Charles Perrault was born January 12, 1628, into a wealthy Parisian family. For a short time he attended the College of Beavoir, where he had difficulty in deciding on a course of study. In 1651 he received a degree in law from the University of Orleans. After a few years, however, he gave up law to pursue his interests in literature and architecture. In 1671 he was named to the prestigious French Academy. He then proceeded to outrage some of his colleagues and start a vigorous debate by proclaiming that contemporary authors were superior to ancient ones.
At the age of forty-four Perrault married Marie Guichon, with whom he had three sons (and perhaps a daughter). When his wife died after six years of marriage, he found himself solely responsible for the task of raising their children.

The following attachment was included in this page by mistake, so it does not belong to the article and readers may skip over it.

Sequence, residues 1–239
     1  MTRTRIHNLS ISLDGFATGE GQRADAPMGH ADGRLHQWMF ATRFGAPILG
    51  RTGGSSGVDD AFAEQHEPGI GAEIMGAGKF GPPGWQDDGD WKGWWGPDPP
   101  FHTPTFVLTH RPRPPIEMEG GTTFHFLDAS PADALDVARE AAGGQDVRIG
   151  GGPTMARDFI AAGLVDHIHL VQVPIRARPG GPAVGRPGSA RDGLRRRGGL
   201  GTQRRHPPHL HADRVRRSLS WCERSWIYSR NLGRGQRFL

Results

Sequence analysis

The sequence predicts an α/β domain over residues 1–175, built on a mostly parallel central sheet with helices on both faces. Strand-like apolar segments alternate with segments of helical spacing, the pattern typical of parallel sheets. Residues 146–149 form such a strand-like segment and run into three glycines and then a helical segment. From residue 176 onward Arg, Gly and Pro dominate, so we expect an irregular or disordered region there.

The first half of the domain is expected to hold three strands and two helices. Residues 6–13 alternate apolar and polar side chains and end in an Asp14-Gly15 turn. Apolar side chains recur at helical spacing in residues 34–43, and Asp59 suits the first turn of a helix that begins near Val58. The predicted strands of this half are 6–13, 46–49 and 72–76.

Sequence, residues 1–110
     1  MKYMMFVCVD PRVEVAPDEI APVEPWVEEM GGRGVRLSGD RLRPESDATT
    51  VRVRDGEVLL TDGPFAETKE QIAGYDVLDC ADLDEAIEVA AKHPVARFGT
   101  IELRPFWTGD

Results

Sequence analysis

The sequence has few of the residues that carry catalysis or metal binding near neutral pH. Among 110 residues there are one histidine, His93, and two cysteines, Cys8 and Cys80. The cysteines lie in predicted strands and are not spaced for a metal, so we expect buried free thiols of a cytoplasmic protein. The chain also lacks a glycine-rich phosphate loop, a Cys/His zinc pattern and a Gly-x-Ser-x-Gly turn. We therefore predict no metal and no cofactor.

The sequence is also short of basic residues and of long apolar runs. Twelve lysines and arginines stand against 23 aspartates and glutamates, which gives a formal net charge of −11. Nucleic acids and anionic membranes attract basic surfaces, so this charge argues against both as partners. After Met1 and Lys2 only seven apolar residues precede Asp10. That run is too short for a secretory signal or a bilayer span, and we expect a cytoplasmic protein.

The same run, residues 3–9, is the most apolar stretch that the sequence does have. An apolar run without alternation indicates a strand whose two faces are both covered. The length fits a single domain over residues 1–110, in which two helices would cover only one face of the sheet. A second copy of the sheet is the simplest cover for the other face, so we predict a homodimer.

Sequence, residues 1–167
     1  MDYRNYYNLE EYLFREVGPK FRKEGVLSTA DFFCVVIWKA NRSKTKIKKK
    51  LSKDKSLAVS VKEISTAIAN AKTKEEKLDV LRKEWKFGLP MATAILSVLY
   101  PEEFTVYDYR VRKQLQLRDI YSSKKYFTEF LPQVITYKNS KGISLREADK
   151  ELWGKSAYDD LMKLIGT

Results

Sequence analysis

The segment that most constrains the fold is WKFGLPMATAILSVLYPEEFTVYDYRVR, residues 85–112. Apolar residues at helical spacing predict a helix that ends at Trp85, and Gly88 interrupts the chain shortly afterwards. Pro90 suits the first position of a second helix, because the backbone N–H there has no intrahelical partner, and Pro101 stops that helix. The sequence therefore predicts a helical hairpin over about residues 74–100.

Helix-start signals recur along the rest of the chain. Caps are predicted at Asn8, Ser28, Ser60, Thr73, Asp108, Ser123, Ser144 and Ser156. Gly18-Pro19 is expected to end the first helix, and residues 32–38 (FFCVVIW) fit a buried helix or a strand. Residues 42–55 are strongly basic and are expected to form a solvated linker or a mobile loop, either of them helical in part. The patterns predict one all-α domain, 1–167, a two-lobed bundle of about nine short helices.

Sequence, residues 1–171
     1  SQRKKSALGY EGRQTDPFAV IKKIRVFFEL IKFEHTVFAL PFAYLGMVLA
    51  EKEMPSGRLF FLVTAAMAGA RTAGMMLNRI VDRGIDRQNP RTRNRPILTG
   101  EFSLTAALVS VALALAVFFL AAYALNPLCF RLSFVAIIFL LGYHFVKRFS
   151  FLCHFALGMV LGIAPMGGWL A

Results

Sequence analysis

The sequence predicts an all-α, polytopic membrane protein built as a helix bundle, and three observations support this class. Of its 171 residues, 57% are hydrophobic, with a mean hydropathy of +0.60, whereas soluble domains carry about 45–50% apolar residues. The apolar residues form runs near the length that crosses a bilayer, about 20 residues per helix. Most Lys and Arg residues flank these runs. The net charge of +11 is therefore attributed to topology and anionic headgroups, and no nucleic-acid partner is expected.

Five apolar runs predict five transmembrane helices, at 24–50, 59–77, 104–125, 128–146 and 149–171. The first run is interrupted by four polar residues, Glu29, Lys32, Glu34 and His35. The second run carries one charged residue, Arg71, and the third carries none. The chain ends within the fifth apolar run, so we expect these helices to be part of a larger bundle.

Charles Perrault published his famous collection of fairy tales entitled Contes de ma mere I'oye (The Tales of Mother Goose) in 1697. Although the popularity of these stories spread rapidly, Perrault probably never suspected that they would be his best-remembered works. He died on May 15, 1703, in Paris.
The Glass Slipper was translated and edited by John Bierhorst, an American folklorist best known for his translations and adaptions of Native American stories, such as In the Trial of the Wind: American Indian Poems and Ritual Orations (1971).
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